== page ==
porcupine oak

Someone asked, “What is my self?”
Jôshû said, “The oak tree in the front yard. Look at it.”


A monk asked, “I come from far away. Master, what is your teaching?
Jôshû said, “I do not tell it to the people.”
The monk asked, “Why do you not tell it to the people?”
Jôshû said, “This is my teaching.”
The monk said, “If you do not tell it to the people, why should they come across the seas to visit you?”
Jôshû said, “You may be a sea, but I am not.”
The monk said, “Well, then, what is there within the sea?”
Jôshû said, “I hooked one fish.”


The official Sai asked, “Can even a great master go to hell?”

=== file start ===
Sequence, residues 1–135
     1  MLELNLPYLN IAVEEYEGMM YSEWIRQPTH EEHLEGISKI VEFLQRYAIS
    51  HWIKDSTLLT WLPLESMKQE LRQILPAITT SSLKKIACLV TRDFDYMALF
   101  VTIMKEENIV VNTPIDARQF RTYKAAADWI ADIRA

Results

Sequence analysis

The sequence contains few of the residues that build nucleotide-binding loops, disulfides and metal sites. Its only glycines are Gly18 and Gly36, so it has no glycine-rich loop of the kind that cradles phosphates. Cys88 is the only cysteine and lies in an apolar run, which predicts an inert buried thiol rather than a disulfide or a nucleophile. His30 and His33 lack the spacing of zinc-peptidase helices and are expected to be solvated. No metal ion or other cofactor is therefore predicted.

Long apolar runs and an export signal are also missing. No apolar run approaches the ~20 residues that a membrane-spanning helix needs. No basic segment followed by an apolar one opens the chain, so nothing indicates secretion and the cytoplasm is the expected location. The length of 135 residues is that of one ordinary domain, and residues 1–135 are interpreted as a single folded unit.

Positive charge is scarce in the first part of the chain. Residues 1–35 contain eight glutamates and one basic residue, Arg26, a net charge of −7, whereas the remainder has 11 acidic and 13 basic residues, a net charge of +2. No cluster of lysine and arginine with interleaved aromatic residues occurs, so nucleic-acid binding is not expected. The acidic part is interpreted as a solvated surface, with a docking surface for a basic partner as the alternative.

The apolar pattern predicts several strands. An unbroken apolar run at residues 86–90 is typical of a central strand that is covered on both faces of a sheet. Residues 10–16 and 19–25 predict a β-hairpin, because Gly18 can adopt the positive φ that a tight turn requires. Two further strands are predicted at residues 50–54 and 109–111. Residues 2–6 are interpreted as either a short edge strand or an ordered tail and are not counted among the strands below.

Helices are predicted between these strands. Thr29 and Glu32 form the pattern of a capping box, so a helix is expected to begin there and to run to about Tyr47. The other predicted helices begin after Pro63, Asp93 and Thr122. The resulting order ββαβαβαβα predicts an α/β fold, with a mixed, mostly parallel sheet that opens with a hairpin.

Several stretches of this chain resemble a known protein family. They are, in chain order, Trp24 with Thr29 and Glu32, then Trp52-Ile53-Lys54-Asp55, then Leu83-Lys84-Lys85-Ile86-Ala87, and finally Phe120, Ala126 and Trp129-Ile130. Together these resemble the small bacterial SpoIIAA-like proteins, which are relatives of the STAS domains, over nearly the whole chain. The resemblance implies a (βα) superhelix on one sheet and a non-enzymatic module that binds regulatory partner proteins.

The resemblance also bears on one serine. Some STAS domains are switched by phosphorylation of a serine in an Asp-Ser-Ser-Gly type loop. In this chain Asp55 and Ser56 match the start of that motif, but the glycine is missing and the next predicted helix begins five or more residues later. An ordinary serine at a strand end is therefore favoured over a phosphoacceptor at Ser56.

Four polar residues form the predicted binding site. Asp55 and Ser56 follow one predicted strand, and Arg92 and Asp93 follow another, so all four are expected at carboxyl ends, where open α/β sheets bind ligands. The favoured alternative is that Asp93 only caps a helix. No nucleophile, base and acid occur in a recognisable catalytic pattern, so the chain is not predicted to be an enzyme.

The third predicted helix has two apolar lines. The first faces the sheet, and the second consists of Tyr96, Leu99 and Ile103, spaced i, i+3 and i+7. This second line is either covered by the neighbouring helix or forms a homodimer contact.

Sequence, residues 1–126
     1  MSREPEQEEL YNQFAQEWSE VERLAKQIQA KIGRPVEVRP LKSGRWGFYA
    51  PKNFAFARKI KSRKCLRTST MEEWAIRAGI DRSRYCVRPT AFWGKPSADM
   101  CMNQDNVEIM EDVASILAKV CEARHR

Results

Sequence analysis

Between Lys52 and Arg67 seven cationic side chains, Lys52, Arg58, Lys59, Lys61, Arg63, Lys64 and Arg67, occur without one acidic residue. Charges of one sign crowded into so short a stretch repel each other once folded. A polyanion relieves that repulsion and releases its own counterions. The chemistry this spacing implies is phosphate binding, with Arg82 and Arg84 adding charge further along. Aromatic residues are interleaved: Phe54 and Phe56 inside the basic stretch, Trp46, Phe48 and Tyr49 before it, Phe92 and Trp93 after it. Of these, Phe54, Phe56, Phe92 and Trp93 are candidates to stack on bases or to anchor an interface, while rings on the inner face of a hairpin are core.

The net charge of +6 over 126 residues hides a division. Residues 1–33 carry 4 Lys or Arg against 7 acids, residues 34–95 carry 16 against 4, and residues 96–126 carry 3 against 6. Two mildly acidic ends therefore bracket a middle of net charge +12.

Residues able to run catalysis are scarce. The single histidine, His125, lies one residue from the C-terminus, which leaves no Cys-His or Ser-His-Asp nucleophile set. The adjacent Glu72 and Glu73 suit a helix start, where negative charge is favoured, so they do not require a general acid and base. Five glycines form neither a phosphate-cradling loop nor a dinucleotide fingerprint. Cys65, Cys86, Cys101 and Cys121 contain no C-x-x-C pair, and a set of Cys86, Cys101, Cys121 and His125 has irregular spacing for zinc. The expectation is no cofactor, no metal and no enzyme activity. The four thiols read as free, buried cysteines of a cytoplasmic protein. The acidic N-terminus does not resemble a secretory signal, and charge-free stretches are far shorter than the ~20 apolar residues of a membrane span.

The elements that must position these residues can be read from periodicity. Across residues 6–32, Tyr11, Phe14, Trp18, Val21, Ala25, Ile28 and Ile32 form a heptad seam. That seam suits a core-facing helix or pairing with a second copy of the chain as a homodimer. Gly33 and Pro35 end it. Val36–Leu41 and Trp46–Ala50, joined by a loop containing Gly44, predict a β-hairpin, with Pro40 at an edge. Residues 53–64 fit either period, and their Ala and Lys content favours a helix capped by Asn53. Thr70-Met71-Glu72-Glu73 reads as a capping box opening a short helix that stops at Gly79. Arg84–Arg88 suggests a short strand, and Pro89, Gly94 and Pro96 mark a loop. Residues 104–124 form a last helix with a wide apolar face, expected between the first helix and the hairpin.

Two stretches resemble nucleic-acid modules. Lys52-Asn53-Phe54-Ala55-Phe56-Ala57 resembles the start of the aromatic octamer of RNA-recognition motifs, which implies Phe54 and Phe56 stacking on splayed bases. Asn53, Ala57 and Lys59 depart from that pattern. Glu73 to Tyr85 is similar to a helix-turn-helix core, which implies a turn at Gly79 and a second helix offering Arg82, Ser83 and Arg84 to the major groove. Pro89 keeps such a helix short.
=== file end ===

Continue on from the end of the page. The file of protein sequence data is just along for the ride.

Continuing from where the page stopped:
Jôshû said, “I lead the way.”
Sai said, “But why should an excellent master, of all people, go to hell?”
Jôshû said, “If I don’t go, how can I meet you there?

—Yoel Hoffman, tr., Radical Zen: The Sayings of Jôshû (Autumn Press, 1978)

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Dave Bonta (bio) crowd-sources his problems by following his gut, which he shares with 100 trillion of his closest microbial friends — a close-knit, symbiotic community comprising several thousand species of bacteria, fungi, and protozoa. In a similarly collaborative fashion, all of Dave’s writing is available for reuse and creative remix under a Creative Commons Attribution-ShareAlike 3.0 United States License. For attribution in printed material, his name (Dave Bonta) will suffice, but for web use, please link back to the original. Contact him for permission to waive the “share alike” provision (e.g. for use in a conventionally copyrighted work).

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